"I was like, this kid is the youngest on the field, he’s the shortest on the field, but his vision is super clean. He had a really good first touch and played simple soccer. He is definitely in the top 10 of all the players I've coached over the last 14 years, and I'm talking about guys who are playing on the professional level now."

Ovalle duly pointed Taylor in the direction of Real Salt Lake's junior academy, where he remained for several seasons before turning down a homegrown deal in favour of joining Bayern.

"Taylor's and extremely talented player, and that's why we wanted to keep him home," RSL general manager Craig Waibel said. "But when you go to a club like Bayern, the biggest thing is getting those minutes, and Taylor understands the challenge in front of him. I don't think it will surprise anyone when he finds his way onto the field in their youth levels."

Booth (l.) will be eligible for the US U20s at at the 2021 FIFA U20 World Cup. - getty

4) Overcoming adversity

That young Taylor has already met expectation in his short time at Bayern is all the more impressive given his struggles as an infant.

Booth was born with Torticollis, a condition that that causes the neck to twist, causing head tilt and resulting in insufficient blood flow to the neck muscles.

"It was really bad," his mother recalled. "He went to physical therapy as an infant and he screamed constantly. Sometimes the condition will cure itself, but he had it so bad that he had to do therapy. This kid had to have therapy for the first five months of his life, around the clock, and he was a crybaby who didn't like getting his neck stretched.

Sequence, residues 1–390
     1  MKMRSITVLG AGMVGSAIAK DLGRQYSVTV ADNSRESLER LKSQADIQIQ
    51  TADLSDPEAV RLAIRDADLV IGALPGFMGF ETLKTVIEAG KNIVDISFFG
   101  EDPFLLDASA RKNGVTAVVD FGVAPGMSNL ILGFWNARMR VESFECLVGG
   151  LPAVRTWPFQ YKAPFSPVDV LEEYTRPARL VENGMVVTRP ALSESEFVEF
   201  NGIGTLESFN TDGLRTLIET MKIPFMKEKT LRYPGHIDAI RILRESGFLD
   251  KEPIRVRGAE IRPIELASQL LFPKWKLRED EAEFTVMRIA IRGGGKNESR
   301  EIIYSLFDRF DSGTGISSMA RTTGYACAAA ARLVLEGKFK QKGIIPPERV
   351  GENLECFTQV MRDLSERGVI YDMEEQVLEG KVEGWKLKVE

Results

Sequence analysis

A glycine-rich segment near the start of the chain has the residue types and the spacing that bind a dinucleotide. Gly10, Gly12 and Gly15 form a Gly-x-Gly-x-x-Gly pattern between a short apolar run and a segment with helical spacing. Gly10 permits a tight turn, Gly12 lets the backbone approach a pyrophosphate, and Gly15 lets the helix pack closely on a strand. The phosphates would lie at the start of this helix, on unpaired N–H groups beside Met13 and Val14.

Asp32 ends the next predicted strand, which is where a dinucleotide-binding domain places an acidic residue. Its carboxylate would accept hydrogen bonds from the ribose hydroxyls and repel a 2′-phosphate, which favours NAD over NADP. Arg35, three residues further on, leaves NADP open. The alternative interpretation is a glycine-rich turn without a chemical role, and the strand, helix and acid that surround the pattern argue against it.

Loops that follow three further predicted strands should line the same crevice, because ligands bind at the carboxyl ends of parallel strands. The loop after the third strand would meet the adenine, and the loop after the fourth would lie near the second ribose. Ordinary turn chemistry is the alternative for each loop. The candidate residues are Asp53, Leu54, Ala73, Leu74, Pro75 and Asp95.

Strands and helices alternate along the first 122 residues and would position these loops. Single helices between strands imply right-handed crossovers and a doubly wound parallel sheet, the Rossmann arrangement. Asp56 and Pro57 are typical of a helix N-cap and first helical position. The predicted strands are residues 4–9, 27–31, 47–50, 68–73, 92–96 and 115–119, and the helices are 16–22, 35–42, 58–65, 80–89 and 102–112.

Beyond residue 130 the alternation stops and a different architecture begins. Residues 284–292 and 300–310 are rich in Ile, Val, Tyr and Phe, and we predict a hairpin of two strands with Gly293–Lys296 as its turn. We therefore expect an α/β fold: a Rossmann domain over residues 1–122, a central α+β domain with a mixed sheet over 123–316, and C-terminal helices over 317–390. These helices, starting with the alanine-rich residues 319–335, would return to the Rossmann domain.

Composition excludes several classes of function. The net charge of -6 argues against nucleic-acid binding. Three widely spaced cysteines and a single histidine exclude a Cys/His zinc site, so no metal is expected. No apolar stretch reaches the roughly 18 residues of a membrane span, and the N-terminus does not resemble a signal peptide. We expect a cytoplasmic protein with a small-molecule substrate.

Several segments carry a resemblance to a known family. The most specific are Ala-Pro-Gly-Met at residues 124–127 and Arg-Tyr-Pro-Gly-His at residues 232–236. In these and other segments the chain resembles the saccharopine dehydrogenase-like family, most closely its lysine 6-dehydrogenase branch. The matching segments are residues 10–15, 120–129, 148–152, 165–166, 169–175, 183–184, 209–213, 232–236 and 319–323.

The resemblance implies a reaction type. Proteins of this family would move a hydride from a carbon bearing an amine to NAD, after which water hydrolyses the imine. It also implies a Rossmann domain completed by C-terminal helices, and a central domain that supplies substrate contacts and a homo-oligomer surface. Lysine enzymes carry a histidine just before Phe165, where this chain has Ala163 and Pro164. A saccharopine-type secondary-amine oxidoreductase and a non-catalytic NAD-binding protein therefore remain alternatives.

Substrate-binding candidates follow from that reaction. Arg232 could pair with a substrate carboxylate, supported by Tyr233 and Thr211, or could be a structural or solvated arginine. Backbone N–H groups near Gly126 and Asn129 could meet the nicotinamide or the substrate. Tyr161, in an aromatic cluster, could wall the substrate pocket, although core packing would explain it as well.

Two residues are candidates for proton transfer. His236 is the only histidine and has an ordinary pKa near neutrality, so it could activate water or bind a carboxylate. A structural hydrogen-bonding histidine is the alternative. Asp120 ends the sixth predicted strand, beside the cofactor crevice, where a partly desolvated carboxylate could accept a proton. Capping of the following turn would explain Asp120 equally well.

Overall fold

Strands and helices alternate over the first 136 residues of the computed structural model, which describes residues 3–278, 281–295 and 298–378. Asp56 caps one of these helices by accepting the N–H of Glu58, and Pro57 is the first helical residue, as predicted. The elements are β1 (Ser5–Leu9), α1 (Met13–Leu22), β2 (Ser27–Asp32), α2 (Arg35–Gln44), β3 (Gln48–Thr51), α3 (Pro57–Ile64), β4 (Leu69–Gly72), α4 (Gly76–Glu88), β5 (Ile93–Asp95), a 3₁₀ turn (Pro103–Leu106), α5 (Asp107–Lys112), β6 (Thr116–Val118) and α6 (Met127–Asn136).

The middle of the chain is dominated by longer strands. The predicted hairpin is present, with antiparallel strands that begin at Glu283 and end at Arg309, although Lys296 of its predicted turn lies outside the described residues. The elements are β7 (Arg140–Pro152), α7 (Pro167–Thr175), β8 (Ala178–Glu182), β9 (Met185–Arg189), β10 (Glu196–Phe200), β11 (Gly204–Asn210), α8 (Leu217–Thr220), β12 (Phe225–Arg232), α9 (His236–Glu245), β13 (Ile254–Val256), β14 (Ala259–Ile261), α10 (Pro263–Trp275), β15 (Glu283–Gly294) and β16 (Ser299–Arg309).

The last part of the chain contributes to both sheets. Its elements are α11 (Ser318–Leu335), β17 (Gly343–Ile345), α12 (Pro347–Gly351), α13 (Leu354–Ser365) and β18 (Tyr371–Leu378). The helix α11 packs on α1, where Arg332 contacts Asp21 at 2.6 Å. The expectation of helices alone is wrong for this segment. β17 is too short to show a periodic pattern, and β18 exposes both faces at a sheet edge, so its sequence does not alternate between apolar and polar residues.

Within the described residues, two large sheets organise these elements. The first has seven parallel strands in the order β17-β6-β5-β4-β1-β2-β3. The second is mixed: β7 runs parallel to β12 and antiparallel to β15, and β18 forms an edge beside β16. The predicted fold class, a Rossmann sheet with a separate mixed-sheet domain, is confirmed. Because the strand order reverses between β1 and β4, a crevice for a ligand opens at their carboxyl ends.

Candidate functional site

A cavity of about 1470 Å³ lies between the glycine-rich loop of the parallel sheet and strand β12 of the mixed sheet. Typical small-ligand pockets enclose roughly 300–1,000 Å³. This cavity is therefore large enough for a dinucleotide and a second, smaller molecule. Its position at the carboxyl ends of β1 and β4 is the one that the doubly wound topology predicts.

"And now he's gone from needing physical therapy as a baby to being on the US National Team - and he thinks it's normal. What he doesn't realise is that there was a time when we just thought, 'I hope his lungs work and his brain works.'"

5) A cerebral midfielder in the McKennie mould, inspired by Henry and Beckham

Blessed to have all his faculties intact, Booth has represented the USA at every youth level up to his current stationing with the U19s. He started out as a forward, before making the switch to midfield.

"I can play anywhere in the midfield - I prefer 8 or 10 cause I like more of an attacking role," Booth told Goal. "I prefer a free, roaming role, I can always get on the ball. I love to have the ball at my feet. I love being involved in the game, getting my teammates involved in the game and I love to be able to dictate the tempo of the game."

Despite the obvious passport and positional comparisons with Schalke and USMNT cornerstone McKennie, Booth's attacking tendencies are born of many an hour spent dreaming away behind a computer scream, watching two soccer legends of the late nineties/noughties.

"Thierry Henry and David Beckham," he said of the respective France and England greats. "I can remember when I was younger just watching them on YouTube all day dreaming that one day it could be me."

One day it might, Taylor, one day it might...